Self-Image and Strategic Ignorance in Moral Dilemmas
AbstractAvoiding information about adverse welfare consequences of self-interested decisions, orstrategic ignorance, is an important source of corruption, anti-social behavior and even atrocities. We model an agent who cares about self-image and has the opportunity to learn the social benefits of a personally costly action.Â The trade-off between self-image concerns and material payoffs can lead the agent to use ignorance as an excuse, even if it is deliberately chosen. Two experiments, modeled after Dana, Weber, and Kuang (2007), show that a) many people will reveal relevant information about others' payoffs after making an ethical decision, but not before, and b)Â some people are willing to pay for ignorance. These results corroborate the idea that Bayesian self-signaling drives people to avoid inconvenient facts in moral decisions.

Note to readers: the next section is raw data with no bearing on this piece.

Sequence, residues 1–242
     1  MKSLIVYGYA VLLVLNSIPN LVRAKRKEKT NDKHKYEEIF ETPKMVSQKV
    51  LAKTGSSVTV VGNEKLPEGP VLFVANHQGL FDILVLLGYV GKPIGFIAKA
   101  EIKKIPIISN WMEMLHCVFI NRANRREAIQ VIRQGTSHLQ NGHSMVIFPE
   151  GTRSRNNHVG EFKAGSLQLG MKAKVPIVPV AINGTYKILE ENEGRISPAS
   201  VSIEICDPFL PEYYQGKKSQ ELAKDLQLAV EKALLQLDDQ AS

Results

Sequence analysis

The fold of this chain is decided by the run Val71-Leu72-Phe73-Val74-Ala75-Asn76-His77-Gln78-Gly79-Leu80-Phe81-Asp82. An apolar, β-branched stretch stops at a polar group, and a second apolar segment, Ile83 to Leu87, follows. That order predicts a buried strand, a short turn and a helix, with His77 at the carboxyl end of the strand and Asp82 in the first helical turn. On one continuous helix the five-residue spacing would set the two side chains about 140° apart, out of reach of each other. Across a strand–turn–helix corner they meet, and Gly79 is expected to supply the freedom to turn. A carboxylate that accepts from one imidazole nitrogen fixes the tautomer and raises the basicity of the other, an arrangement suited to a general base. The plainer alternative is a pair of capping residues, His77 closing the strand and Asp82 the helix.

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Bibliographic InfoPaper provided by Department of Economics, UC Santa Barbara in its series University of California at Santa Barbara, Economics Working Paper Series with number qt0bp6z29t.
Date of creation: 15 Mar 2013
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Social and Behavioral Sciences; prosocial behavior; dictator games; strategic ignorance; self-signaling;
This paper has been announced in the following NEP Reports:
- NEP-ALL-2013-04-06 (All new papers)
- NEP-CBE-2013-04-06 (Cognitive & Behavioural Economics)
- NEP-CTA-2013-04-06 (Contract Theory & Applications)
- NEP-CWA-2013-04-06 (Central & Western Asia)
- NEP-EXP-2013-04-06 (Experimental Economics)
- NEP-MIC-2013-04-06 (Microeconomics)
- NEP-SOC-2013-04-06 (Social Norms & Social Capital)
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